Leaving and Cleaving

First Peter 4:9 instructs us, “Be hospitable to one another without grumbling” (NKJV). The word hospitable is interesting in that it means “having a love for strangers.” This is essential to understanding how the extended-family element of marriage is to be approached. People who were once acquaintances are now members of the family and as family expect to have a say in familial decisions. But again, real-life doesn’t always follow the path of what is best, so in this chapter we are going to take a look at four main areas that create grumbling in our families and cause in-laws to sometimes seem like outlaws.

Before we do that, however, let’s go back to a familiar verse, Genesis 2:24. Though we have looked at this verse several times already, it is as relevant for this aspect of marriage as it has been for the others. Understanding the divine design is essential to our topic in this chapter, so let’s go back to the Garden of Eden and start our discussion there. Genesis 2:24 reads, “This explains why a man leaves his father and mother and is joined to his wife, and the two are united into one.” Note that the verse says a man will leave his father and mother, much as we saw the scriptural admonition for husbands to love their wives directed to the man and not the woman. The reason, I believe, is much the same. It’s not that women aren’t called to leave their families, but the point is being made that the husband must cut the childhood ties that bind him to the past so that he can assume his rightful place as head of a new household. As long as he is mentally still a child in his parents’ home, he will not be able to do this.

May I also say that the blurring of gender lines in our day has done much to undermine the sanctity of marriage and the home. It has created much confusion for both male and female as they attempt to establish a new home, and the fruit of that is seen in many children today. Let me also point out something I have previously mentioned: marriage and family are divine creations, and what God initiates He also orchestrates. In other words, He has set down principles in His Word to allow for maximum blessing for His people. If your goal is to go with the flow and adopt the world’s perspective on marriage, you are free to do so. However, God’s blessings are found only within God’s boundaries.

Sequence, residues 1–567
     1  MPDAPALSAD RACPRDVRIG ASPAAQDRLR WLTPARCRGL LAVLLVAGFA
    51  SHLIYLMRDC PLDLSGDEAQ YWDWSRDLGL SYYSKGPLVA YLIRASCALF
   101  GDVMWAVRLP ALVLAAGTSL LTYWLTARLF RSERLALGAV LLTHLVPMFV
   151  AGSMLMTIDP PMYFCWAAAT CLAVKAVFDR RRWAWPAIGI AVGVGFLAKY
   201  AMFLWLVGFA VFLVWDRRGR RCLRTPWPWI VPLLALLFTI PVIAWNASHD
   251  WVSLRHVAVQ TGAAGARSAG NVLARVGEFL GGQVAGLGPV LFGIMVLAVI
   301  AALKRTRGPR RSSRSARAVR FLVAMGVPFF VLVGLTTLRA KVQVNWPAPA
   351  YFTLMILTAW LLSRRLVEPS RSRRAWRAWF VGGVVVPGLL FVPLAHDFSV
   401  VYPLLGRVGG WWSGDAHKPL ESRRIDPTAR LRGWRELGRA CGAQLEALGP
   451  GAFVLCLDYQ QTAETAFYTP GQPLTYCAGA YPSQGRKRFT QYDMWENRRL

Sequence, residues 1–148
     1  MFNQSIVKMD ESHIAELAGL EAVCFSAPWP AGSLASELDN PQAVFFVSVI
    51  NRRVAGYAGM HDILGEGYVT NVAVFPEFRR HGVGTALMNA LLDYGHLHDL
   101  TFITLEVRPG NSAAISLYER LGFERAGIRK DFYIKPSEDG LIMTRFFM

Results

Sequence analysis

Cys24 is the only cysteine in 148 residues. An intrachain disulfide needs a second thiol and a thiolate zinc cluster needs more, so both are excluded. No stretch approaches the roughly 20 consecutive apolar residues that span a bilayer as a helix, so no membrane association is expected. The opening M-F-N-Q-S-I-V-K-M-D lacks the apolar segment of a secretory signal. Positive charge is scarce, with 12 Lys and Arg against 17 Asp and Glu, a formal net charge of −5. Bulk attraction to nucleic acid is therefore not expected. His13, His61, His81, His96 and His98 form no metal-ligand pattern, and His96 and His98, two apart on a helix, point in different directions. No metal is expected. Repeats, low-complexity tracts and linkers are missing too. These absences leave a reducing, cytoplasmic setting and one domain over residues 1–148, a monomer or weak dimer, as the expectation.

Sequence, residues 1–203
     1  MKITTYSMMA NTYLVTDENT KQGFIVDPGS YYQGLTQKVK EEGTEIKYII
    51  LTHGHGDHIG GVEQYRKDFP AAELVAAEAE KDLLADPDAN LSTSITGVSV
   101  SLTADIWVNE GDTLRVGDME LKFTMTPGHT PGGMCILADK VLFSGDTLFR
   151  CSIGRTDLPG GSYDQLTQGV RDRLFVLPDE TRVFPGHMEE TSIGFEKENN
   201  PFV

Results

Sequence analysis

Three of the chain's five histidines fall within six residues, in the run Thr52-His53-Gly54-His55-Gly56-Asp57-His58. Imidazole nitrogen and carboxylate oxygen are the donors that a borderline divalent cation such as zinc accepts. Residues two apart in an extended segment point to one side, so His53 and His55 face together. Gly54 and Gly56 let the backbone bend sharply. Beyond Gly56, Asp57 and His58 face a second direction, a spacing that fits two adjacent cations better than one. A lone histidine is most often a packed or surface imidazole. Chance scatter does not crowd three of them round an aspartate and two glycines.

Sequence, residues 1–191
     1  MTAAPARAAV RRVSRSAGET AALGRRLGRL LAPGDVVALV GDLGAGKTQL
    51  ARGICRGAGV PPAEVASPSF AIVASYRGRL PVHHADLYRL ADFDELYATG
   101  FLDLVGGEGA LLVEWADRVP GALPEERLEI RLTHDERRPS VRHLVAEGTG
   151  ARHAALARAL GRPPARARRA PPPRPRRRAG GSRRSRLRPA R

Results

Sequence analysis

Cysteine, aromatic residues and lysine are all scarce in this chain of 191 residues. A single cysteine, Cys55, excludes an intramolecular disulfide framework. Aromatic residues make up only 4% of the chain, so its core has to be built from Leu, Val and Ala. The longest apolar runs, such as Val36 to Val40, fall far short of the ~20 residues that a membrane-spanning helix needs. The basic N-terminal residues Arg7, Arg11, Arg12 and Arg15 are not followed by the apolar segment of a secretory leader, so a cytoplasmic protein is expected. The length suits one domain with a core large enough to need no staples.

One more thing before we press on: Moms do not make good dads, and dads do not make good moms. We are genetically predetermined to excel at certain tasks, and while there is some degree of latitude, the rules as a whole are true. I am not saying that all women must stay home. The Proverbs 31 woman was creative and industrious and obviously possessed a keen head for business, as she oversaw manufacturing and real estate transactions. (By the way, did you know that Proverbs 31 was written by a woman to her son?) God’s plan is best, friends, and if you want your marriage to be all it can be, don’t accept society’s lie that traditional marriage is antiquated and out of touch. Back to our topic . . .

The Hebrew word for “leave” in Genesis 2:24 is azab, which means “to loosen” or “to relinquish.” The Hebrew word for “joined” (or “cleave” in the King James Version) is dabaq, which means “to cling or adhere to.” The meaning of Genesis 2:24 is simply that a man will leave his parents and take his place as head of a new home. He will cling to his wife and provide the covering for a new creation, a new family that he and his wife will bring into existence. Nowhere in Scripture do we see the wife given this same natural capacity, but she is exhorted in Colossians 3:18 to submit to her husband. Both have Godgiven instructions to follow and roles to fulfill if they are to successfully master the art of “leaving” and “cleaving.”

That brings us to the first major point of this chapter: The marriage covenant creates new descendants, not new dependents. This does not mean that the new family created by marriage is on its own or disconnected from the extended family. It does not mean that the parents have no influence or input with the new couple. Certainly, there is a time when it is appropriate for parents to help struggling young couples, either financially or personally, though always bearing in mind that the new husband is now the head of a new home and is responsible for being its covering before God. Not father-in-law, not mother-in-law, not dad, and not mom—the husband alone bears this responsibility.

Excerpt from “Happily… Even After” now available on Amazon.

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Barry Stagner